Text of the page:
Building upon my prior work on transparency’s role in collective action, my dissertation work aims to equip technology users and policymakers with a better understanding of data’s worth with the goal of supporting collective negotiation for a more equitable data economy. Specifically, I will provide a measure of monetary value for key types of data generated by technology users and develop a tool to make this value transparent. Additionally, I expect my research to provide design recommendations for technologies that profit from user data to communicate data’s value openly with their users.
My prior work examined technology users’ awareness of the economic inequity in the data economy. I surveyed a representative sample of U.S. adult internet users in 2019 and found dissatisfaction with data monetization was the top motivation for people to stop or change use of a technology . Some participants elaborated on this motivation: “they sell my personal information exploiting ME MAKING PROFIT OFF OF ME, without giving me any financial share of their profit pirating” and “They are trying to control and profit from everything we do in life. They don't respect privacy they just want $$.” It is worth noting that data monetization is not limited to personal information: ample research on user-generated data shows that public data generate massive revenue for technology companies as well [4, 12]
Although data portability—an initiative supported by legislators and advocates [2, 11]—may allow technology users to leverage market competition to mitigate this inequity, my prior work highlighted the complexity of the approach. My comparative analysis of Google Maps and Yelp shows that the two platforms often provide different ratings for the same restaurant . As such, direct data transfer across technologies may run into incompatibility issues. More work needs to be done to examine how feasible data portability is in mitigating the economic inequity between technology companies and users.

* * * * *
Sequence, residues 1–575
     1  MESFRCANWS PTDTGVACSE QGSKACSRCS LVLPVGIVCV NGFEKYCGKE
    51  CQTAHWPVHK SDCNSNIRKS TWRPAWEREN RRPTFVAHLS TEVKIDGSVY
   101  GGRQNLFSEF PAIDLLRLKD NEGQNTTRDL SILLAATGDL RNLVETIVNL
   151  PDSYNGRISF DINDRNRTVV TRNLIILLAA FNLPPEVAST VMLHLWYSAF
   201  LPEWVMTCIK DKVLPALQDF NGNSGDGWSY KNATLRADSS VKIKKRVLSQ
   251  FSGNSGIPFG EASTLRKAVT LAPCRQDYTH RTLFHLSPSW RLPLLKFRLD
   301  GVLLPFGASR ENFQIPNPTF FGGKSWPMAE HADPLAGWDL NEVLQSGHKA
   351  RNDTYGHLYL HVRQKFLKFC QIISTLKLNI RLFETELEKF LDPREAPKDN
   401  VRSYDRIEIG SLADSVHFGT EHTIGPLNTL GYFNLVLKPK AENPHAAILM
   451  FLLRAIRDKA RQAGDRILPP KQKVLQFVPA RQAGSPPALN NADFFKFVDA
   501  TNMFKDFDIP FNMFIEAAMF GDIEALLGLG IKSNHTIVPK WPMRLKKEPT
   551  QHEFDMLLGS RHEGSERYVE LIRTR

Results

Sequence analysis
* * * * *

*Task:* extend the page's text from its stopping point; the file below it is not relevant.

Another approach that has been widely studied and leveraged in other domains and may allow technology users to make a material impact on the data economy is collective action. In particular, I studied online consumer boycotts and developed a browser extension that helps boycott participants avoid targeted websites collectively. In this work, transparency about participants’ collective progress helped participants better recognize their consumer power. As such, in my dissertation work, I plan to adopt a similar approach, i.e. increasing transparency about data’s worth to assist technology users in understanding their power in the data economy .